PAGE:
M&A in 2022 and Trends for 2023
M&A in 2022 and Trends for 2023
Following a year of unprecedented M&A deal activity, 2022 saw the global M&A market settle back into a more familiar pace. The year finished 38.8% lower than 2021’s record level, but only 9.3% lower than 2015-2019 averages, and on par with 2020, according to MergerMarket.
A year of two halves, 2022 deal volume dropped 40% between the first and second halves as rising interest rates, inflation, a war in Europe, and volatile equity markets chipped away at market confidence and lending conditions tightened.
Private equity buyers, buoyed by dry powder, continued to drive market activity. While down from last year’s high, 2022 was still the second highest year for private equity activity since 2007.
In this alert, we review the M&A markets in 2022 and major legal and regulatory trends that will impact deal-making in 2023.
In 2022, global M&A reached $3.6 trillion in value. The year started strong, but activity trailed off in Q3, falling below $1 trillion for the first time in eight consecutive quarters. Deal activity continued, but buyers went small, with megadeals (those valued above $10 billion) dropping 31% compared to 2021, according to Refinitiv.
Looking at markets around the world:
Technology continued to be the top industry for acquirers, accounting for 20% of 2022 dealmaking. In our 2022 Tech M&A Survey, respondents named artificial intelligence/machine learning as the first-choice subsector for dealmaking opportunities in 2023 by a wide margin (22%), followed by e-commerce and robotic process automation, each receiving 13% of the vote.
Private equity acquirers continued to transact in record numbers. Though activity was down from 2021’s records, buyouts were 50% higher and exits were 43% higher than 2015-2019 numbers, according to MergerMarket. Technology was the top sector for sponsors, accounting for nearly 30% of all deals. Our annual Global PE Trends and Outlook report details these and other themes.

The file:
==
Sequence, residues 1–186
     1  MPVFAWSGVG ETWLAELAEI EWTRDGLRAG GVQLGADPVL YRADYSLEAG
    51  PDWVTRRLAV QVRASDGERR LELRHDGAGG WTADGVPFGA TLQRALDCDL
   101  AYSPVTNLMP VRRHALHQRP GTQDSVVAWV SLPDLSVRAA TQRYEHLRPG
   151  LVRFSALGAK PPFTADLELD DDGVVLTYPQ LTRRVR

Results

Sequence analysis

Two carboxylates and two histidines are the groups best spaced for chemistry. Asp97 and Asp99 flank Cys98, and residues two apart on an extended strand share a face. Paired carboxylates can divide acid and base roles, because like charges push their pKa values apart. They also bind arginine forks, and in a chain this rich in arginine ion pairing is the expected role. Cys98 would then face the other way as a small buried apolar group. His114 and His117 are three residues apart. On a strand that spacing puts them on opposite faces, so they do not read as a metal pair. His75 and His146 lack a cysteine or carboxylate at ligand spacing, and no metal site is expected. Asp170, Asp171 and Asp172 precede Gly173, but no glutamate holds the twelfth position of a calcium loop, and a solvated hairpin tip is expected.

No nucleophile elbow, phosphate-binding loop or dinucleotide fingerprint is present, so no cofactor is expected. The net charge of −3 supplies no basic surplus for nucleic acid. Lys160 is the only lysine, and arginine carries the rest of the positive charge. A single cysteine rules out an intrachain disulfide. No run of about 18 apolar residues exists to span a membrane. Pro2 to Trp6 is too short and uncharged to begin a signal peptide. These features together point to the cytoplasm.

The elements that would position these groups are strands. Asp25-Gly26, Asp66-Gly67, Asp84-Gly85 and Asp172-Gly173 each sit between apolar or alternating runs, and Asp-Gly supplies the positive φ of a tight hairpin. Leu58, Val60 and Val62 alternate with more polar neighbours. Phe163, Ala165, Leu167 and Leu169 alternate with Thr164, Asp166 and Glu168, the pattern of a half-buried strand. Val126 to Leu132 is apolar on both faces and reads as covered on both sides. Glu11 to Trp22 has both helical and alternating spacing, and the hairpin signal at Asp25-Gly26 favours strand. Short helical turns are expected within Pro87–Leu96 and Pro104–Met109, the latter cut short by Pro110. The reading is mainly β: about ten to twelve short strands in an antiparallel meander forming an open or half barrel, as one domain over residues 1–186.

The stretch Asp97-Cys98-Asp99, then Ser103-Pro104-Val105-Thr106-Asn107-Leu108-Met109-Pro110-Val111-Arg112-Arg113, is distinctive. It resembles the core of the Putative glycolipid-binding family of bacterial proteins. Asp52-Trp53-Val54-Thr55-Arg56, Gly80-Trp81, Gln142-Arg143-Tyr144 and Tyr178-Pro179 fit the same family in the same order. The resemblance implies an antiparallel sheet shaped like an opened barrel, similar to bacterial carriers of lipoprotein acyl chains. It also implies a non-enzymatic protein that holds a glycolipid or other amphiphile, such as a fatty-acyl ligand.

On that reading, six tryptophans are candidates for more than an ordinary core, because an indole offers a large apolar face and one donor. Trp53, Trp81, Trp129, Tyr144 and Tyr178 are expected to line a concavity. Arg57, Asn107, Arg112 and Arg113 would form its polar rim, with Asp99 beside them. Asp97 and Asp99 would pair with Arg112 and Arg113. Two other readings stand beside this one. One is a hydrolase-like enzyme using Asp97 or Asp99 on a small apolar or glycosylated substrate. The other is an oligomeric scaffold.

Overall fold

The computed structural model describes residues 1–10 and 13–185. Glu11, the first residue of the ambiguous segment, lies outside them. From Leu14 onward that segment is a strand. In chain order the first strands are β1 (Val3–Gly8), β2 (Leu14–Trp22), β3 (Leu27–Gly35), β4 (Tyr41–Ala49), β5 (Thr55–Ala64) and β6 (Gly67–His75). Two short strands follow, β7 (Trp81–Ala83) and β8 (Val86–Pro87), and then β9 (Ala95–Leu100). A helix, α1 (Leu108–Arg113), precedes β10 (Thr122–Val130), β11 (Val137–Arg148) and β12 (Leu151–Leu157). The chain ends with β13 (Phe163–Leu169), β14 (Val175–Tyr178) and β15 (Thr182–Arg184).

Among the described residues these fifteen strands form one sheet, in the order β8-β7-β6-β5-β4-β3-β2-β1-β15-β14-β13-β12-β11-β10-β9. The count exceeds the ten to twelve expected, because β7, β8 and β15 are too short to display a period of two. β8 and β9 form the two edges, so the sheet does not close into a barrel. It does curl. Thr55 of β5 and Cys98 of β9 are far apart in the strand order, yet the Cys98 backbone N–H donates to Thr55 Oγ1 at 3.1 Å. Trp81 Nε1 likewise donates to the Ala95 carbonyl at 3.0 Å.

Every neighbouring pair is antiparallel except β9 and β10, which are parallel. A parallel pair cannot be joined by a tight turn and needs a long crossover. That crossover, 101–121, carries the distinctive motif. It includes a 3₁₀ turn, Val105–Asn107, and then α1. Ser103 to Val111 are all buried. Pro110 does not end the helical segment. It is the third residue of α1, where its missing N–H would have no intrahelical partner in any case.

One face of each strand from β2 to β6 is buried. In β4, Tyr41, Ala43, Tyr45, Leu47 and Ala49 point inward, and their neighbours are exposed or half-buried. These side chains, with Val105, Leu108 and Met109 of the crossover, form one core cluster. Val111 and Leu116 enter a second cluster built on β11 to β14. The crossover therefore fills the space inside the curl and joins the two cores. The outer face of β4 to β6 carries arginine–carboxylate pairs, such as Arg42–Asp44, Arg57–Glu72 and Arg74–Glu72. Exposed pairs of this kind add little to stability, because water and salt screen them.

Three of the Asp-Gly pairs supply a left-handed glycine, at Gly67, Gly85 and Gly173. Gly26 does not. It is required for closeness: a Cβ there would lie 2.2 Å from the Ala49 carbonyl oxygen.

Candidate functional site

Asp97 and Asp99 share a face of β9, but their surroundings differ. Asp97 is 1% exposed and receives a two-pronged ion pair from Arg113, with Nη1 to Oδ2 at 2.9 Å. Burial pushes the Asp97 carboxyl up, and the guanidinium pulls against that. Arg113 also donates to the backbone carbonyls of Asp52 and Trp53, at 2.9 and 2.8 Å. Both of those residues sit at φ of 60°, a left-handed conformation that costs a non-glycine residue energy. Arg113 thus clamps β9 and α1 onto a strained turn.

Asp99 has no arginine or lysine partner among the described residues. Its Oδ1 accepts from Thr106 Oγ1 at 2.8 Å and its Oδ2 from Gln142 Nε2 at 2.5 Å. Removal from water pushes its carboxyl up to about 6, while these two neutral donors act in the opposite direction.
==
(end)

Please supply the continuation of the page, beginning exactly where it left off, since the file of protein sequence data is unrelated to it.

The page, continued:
Despite the macro headwinds, the strategic goals supported by well-planned M&A, including diversification (or, conversely, focusing on core businesses or separating unrelated businesses), achieving scale, and entry into new markets, remain. The trend toward digitalization continues to push tech M&A, and the volatility (and sometimes freeze) in equity markets will increase the interest in M&A of companies and investors searching for liquidity. Buyers (both private equity and corporate) have plenty of dry powder. Savvy buyers will take advantage of current pricing and, conversely, companies need to be ready to respond to unwanted advances. Changes in currency exchange rates, such as the weakened Euro, pound and yen, may attract some buyers. Companies also may consider other forms of transformations, such as spinoffs and carve-outs, as they seek to increase efficiencies of operating units and foster growth and investment. However, given the potential risks, buyers likely will review potential target companies and transactions carefully, doing more diligence and adjusting deal structures and terms in response to continued and new risks.
Learn more about Morrison & Foerster’s Global M&A Practice.
In 2022, antitrust scrutiny of acquisitions continued to increase, with U.S. and global antitrust agencies coalescing around broader investigations and more aggressive enforcement. Some transactions were blocked or abandoned, and U.S. agencies, despite losing a few merger challenges in court, remained resolved to challenge more deals.
In 2023, merger agreements should proactively address increased agency review and prolonged investigatory timelines, the low probability of the agencies accepting a settlement, and the heightened possibility of protracted litigation. By anticipating new enforcement rules and policies, such as the updated merger guidelines and potential FTC rulemaking, dealmakers can limit, or at least address, delays caused by merger review.
Despite Losses, Agencies Won’t Back Down. In 2022, DOJ lost three merger challenges in federal district court (U.S. Sugar/Imperial, Booz Allen Hamilton/EverWatch, and United/Change) and is appealing two of those (U.S. Sugar and United). The FTC lost its administrative challenge to Illumina/Grail, and is appealing to the full Commission. Despite these losses, the agencies maintained a busy docket – DOJ went to trial with American Airlines and JetBlue over a joint operating alliance and sued to block a merger in the door locks industry, ASSA Abloy/Spectrum.
FTC Sets a More Aggressive Enforcement Policy. The FTC likewise has trended toward more aggressive enforcement and reliance on non-traditional theories of liability.
Legislative Developments. Many observers expected comprehensive antitrust legislation in 2022, but action is still pending. Proposed bills include calls to prohibit Big Tech companies from prioritizing their own products on their platforms over those of competitors, open app stores to rival marketplaces, and promote interoperability between platforms.
The recent spending bill increased funding for DOJ and FTC and implemented some potentially significant changes:
International Enforcement. International developments have paralleled the more aggressive approach to antitrust in the U.S. and in some instances have gone even further.